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# 4.1: Introduction

We have hitherto made the assumption that a lens or a curved mirror is able to form a point image of a point object. This may be approximately true if the depth of the mirror or the thickness of the lens is small compared with other distances, and if the angle that all rays make with axis of the mirror or lens is small, and if we are using monochromatic light. Usually none of these conditions is satisfied exactly, and consequently the image formed by a lens or curved mirror suffers from several aberrations.

There are five geometrical aberrations, given the names

Spherical aberration

Astigmatism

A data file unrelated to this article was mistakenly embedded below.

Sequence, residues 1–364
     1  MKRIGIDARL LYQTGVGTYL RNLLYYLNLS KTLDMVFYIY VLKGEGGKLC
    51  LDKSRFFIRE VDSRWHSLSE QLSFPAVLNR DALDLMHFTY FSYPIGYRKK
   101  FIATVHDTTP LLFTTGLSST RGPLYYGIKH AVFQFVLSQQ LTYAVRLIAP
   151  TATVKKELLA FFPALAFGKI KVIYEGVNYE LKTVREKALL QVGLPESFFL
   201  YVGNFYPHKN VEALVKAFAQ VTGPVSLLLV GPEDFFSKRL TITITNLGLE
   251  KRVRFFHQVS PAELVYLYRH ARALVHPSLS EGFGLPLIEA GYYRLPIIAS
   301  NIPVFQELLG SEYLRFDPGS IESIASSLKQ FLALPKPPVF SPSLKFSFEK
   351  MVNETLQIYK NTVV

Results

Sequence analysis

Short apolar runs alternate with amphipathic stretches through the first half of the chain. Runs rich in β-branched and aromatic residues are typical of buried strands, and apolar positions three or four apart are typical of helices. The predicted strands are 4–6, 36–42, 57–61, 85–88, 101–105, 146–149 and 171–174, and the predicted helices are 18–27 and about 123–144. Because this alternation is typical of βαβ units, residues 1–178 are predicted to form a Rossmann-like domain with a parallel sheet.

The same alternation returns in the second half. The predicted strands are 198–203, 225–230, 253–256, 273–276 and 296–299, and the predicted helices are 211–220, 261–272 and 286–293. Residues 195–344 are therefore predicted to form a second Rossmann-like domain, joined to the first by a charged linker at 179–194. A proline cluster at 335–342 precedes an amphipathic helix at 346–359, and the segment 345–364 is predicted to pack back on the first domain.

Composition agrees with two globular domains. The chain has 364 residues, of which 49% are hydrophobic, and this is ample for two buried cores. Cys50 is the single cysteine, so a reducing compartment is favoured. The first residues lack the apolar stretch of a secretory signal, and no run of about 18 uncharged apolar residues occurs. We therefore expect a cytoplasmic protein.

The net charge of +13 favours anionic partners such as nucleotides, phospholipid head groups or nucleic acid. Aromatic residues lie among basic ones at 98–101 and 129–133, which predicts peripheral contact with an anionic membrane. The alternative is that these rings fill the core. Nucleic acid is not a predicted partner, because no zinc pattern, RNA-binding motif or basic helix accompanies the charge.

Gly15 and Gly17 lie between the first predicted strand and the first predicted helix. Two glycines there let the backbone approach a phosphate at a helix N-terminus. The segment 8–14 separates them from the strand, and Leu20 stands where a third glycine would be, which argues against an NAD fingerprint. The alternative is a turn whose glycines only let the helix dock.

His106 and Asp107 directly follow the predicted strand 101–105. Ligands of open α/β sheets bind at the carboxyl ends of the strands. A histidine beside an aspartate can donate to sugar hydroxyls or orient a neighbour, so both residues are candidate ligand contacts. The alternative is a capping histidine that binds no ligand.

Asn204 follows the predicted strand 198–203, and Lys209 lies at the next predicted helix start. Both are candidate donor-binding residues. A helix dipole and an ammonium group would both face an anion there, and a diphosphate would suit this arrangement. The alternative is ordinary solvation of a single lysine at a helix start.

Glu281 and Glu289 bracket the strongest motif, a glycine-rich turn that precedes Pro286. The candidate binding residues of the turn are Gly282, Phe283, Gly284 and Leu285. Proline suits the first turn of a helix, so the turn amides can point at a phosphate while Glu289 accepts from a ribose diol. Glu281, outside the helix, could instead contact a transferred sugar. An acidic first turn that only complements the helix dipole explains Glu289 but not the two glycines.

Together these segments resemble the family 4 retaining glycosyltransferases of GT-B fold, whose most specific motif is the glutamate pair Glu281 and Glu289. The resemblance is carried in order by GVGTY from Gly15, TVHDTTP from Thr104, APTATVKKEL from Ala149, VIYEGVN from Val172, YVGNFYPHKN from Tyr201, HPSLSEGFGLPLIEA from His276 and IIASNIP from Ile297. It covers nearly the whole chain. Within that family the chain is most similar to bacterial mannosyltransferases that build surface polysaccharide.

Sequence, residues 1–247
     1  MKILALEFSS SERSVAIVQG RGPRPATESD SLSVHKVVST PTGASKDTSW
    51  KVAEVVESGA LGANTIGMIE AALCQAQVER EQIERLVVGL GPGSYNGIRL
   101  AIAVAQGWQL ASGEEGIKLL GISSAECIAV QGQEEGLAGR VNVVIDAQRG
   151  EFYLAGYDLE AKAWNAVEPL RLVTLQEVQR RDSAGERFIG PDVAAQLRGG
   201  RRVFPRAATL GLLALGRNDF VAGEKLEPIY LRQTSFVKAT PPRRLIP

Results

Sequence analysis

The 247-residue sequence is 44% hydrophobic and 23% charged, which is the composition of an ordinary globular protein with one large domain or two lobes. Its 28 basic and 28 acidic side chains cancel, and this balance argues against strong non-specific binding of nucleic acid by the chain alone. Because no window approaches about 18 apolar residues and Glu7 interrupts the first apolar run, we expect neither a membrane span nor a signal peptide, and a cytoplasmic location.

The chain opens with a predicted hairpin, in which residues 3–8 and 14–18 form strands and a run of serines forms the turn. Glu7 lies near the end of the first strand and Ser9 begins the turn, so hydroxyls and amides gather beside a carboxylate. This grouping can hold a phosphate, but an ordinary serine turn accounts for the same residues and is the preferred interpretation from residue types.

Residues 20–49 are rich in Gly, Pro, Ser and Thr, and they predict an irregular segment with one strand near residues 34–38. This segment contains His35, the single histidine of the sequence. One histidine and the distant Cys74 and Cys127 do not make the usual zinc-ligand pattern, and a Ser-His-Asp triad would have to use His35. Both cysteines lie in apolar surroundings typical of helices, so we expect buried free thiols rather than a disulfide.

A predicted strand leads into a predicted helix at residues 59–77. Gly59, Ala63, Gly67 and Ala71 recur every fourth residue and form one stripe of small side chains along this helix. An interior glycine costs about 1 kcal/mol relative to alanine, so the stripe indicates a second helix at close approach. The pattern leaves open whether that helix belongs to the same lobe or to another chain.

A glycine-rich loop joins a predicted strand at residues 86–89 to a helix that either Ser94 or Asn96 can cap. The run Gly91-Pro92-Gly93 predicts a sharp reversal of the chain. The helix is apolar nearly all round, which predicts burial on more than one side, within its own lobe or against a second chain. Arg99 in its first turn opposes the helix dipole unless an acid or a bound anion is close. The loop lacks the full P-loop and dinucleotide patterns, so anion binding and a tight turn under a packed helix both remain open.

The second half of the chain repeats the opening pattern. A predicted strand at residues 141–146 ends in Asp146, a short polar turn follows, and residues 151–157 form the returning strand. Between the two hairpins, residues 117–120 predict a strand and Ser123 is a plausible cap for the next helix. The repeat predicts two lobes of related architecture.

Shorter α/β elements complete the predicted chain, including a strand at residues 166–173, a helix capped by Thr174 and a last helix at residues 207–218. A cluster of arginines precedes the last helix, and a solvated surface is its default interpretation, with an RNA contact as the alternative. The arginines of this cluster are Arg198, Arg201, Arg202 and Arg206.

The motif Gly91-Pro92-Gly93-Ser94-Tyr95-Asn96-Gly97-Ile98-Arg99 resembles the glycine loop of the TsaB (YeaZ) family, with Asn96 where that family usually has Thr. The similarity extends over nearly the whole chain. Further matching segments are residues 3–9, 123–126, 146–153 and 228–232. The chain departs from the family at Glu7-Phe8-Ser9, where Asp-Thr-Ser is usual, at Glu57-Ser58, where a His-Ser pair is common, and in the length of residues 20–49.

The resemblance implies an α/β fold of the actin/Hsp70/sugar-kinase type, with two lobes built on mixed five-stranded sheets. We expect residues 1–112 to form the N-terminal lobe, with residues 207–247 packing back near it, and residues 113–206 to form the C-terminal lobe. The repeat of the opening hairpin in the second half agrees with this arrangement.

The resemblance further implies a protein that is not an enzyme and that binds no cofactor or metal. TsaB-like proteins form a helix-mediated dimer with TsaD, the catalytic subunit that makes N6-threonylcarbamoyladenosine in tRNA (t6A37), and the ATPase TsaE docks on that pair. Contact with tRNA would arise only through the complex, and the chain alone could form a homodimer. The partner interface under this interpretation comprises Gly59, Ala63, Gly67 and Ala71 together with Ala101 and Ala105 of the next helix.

Coma

Curvature of field

Distortion (pincushion or barrel distortion).

In addition, unless we are using monochromatic light, lenses (but not mirrors) exhibit chromatic aberration (longitudinal and transverse).

It may be possible to minimize some of these aberrations by careful choice of the radii of curvature of a lens system (“bending the lens”), although the condition for minimizing one aberration may be different from minimizing another. Consequently some sort of compromise must be reached, which may depend on which aberrations are important, and which are not so important, for a particular application.